I have been reading about Maude, an adult brand that makes intimate products like vibrators and lube, and recently found its products in a gay apparel shop. Their packaging was minimal and elegant -- a break from the gendered kitsch of most stuff I've seen in novelty shops and adult warehouses.
As a brand, Maude is doing something noteworthy in X-rated retail: nothing about the brand is X-rated, and its products are not marketed to any particular gender.
"The sexual wellness industry has been monopolized for so many years by the same tired male-focused incumbents who have created an uncomfortable, confusing, and transactional landscape. The response to these legacy players has been a pendulum swing: hyper-feminine, trend-focused newer brands that are often just as explicit," said Eva Goicochea, founder and CEO of Maude. "Our take at Maude is that sex is human."
The result of this approach is products that are gender-inclusive, with muted, universal colors and simple shapes. "We believe that by taking this approach, we will continue to break taboos and make sexual wellness more inclusive," Goicochea added.
It's a radical move -- and possibly a risky one. I know something about the sex toy business. I used to write copy for various adult brands. One of my clients was Fort Troff, a fetish brand that makes cock rings, sex slings, and other kink accouterments. Fort Troff does the opposite of Maude -- it focuses on one target customer, gay men, and never wavers. The brand's website is a porn site -- there's an 18+ age warning -- and almost all the models featured on it are cisgender men. I reached out and asked someone there, who spoke anonymously, if they felt any pressure -- by the industry, by buyers -- to be more gender-neutral and less sexually explicit.
"We've stayed true to our core customer, which is kinky gay men, so that's always the jumping-off point for any product design," the representative said. "If we design a great restraint or plug that appeals to a wide spectrum of people, that's just icing on the cake."
I asked if they felt there was substantial profit to be made from selling gender-neutral products -- or loss by not doing so.
"The way to profit for adult brands, like any other brand, is a singular focus on who your customer is and giving them exactly what they want," they said. "But we're really excited to see that straight guys and girls are totally open now to buying our kinky 'gay' toys with zero issues at all. That's really cool."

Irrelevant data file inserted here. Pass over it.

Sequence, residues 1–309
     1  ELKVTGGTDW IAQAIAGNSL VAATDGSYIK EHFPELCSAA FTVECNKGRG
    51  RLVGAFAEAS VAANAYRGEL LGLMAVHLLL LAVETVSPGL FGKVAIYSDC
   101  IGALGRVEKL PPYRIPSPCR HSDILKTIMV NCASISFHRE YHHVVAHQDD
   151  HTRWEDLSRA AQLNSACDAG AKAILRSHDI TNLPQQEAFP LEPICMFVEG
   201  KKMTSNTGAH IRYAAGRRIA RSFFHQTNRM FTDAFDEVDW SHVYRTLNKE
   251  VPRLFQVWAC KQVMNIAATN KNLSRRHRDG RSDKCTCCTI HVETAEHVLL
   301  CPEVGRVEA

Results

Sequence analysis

Which approach is best? I don't think there is an answer to that question -- every business does what is best for its customers. Still, brands like Maude might signal a shift in how sex toys are approached in modern culture. While ratty novelty stores, ones with mannequins wearing cheap lingerie in the window, are fun -- and certainly part of my sexual development -- they are also an outdated business model, and they are vanishing. The sex toy market has moved online. The internet has exploded with queer- and women-owned brands that have made the experience of shopping for sex toys less uncomfortable, especially for queer folks who live in unfriendly places or are in the closet and might fear being outed by going to a physical store. I've written content for brands like Lelo that have elevated the sex toy market into luxury. Is degenderizing the next step?
Maude seems to think so, and it is not the only one. Wild Flower, b-Vibe, Satisfyer, and other new brands have created products that don't look like big rubber penises -- in fact, the "amorphous blob" sex toy, which looks like nothing except, perhaps, an abstract desktop sculpture -- seems to be an increasingly common offering online. Wild Flower's first toy was a genderless vibrator that looked vaguely like a baby stingray and was designed to stimulate a variety of bodies. It was called the "Enby," named after the acronym "NB," short for nonbinary.